Steve Savage: Do You Really Need to Buy Organic Foods To Avoid Pesticide Residues?

What I found disappointing about the Stanford study was the weakness of its analysis of differences in pesticide residues. 

I was delighted to find that Steve Savage had posted a well-researched critique  Do You Really Need to Buy Organic Foods To Avoid Pesticide Residues? of the meta-analysis “Are Organic Foods Safer or Healthier Than Conventional Alternatives?” The main-stream media didn’t get much further than the “Conclusion” paragraph of the press release

Conclusion: The published literature lacks strong evidence that organic foods are significantly more nutritious than conventional foods. Consumption of organic foods may reduce exposure to pesticide residues and antibiotic-resistant bacteria.

Every media reference I’ve encountered emphasizes the “…may reduce exposure to pesticide residues”. Does that mean “reduce exposure” from safe-and-totally-insignificant to…? Perhaps – but that really isn’t the focus of the Stanford paper – which is the nutritional vector. Steve’s introduction gets right to the implied pesticide risk that concerns me:

Last week, a meta-analysis from a highly credible, academic source (Stanford University, its medical school and nearby institutions), raised serious questions about the often-touted, nutritional advantage of organic food. They digested the contents of 237 peer reviewed articles comparing organic and conventional foods and diets. They concluded that “the published literature lacks strong evidence that organic foods are significantly more nutritious than conventional foods.” This drew a great deal of attention and organic advocate defense. Because even though Stanford is affectionately known by alums such as me as “the farm,” it is certainly no ag-school promoting the status quo. Instead, it enjoys a very strong reputation for research excellence. It isn’t easy to dismiss these findings.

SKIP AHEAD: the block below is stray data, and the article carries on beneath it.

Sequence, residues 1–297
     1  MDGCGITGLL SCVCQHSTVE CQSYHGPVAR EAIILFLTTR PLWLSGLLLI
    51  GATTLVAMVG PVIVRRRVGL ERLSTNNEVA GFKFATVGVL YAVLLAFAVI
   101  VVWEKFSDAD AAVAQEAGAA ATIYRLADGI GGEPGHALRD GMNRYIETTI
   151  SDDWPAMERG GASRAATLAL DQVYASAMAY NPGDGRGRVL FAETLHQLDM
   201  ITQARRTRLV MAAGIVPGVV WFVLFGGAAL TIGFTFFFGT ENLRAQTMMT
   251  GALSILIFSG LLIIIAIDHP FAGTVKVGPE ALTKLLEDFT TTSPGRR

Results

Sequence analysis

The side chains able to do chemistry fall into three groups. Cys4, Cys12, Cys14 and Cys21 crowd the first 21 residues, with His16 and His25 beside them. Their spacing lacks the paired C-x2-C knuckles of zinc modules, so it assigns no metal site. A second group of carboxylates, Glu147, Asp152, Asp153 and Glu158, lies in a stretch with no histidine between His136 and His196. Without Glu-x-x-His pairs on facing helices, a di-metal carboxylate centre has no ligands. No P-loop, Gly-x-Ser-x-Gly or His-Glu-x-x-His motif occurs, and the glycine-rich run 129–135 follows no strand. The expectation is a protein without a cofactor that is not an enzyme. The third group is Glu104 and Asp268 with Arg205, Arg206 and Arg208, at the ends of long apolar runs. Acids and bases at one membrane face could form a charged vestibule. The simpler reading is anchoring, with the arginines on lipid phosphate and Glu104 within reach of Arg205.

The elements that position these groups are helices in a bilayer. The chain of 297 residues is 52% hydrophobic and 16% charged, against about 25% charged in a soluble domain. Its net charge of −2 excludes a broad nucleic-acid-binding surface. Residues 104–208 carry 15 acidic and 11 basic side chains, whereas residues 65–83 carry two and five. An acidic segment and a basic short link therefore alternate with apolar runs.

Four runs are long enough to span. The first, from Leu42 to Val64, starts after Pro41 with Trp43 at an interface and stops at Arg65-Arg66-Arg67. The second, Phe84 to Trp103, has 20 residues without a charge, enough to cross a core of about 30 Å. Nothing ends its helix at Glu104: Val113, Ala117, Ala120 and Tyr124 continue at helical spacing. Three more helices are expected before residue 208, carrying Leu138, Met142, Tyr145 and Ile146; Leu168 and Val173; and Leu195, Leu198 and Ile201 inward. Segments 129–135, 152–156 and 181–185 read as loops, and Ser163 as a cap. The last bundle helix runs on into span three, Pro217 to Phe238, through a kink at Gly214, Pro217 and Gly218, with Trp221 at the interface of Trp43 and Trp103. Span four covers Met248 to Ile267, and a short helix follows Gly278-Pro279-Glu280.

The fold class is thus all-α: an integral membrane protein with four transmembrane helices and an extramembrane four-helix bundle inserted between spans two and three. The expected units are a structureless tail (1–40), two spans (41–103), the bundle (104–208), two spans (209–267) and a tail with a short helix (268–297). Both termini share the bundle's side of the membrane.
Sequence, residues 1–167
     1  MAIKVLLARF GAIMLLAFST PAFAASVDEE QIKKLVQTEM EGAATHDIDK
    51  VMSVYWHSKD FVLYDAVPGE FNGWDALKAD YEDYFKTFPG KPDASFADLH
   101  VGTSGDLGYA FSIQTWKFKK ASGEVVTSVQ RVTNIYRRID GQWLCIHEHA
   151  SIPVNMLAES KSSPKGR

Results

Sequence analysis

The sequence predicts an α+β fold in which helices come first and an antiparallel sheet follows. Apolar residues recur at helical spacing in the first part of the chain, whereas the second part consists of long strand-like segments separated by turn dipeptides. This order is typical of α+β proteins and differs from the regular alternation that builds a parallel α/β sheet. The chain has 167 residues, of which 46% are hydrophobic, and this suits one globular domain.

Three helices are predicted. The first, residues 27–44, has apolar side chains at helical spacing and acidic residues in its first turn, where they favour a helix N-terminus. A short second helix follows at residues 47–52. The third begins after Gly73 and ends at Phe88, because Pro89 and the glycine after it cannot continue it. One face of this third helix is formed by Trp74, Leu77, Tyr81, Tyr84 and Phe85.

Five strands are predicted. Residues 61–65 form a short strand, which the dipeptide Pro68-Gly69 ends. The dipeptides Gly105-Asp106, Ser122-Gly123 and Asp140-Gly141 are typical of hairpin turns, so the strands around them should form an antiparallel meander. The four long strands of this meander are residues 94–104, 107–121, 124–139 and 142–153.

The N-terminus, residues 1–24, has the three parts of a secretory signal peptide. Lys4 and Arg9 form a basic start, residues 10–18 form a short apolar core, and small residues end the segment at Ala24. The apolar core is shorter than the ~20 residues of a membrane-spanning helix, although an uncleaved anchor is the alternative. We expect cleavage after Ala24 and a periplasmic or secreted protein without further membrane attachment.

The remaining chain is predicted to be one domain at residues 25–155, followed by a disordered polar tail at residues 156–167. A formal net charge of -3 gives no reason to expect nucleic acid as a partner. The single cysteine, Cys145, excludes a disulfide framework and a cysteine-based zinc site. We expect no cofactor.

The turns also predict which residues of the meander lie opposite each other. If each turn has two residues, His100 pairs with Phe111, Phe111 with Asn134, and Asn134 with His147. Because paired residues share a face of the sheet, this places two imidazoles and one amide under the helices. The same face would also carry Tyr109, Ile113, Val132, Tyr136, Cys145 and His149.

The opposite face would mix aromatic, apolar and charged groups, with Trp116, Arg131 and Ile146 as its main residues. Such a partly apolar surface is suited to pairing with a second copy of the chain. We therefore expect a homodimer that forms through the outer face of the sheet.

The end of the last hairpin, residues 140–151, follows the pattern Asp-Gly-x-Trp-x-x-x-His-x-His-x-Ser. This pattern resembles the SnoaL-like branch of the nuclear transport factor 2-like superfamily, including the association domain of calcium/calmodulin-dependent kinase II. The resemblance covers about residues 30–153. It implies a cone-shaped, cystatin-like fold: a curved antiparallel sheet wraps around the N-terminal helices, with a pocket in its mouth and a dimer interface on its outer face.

Many commentators, confronted with the highly credible de-mythification of the nutritional advantage of organic, jumped to the paper’s slight evidence supporting a 30% reduction in exposure to pesticide residues as a way to justify paying extra for organic. Does the science really support that claim? No.

Please read Steve’s commentary with an open mind. If you are not completely persuaded, then for further reading may I suggest the B N Ames, M Profet, and L S Gold paper Dietary pesticides, which is an edited version of a chapter titled ‘Cancer Prevention and the Environmental Chemical Distraction‘, in the 2003 book Politicizing Science: the Alchemy of Policymaking. The Kindle edition is only $9.99, and a very good investment it is.

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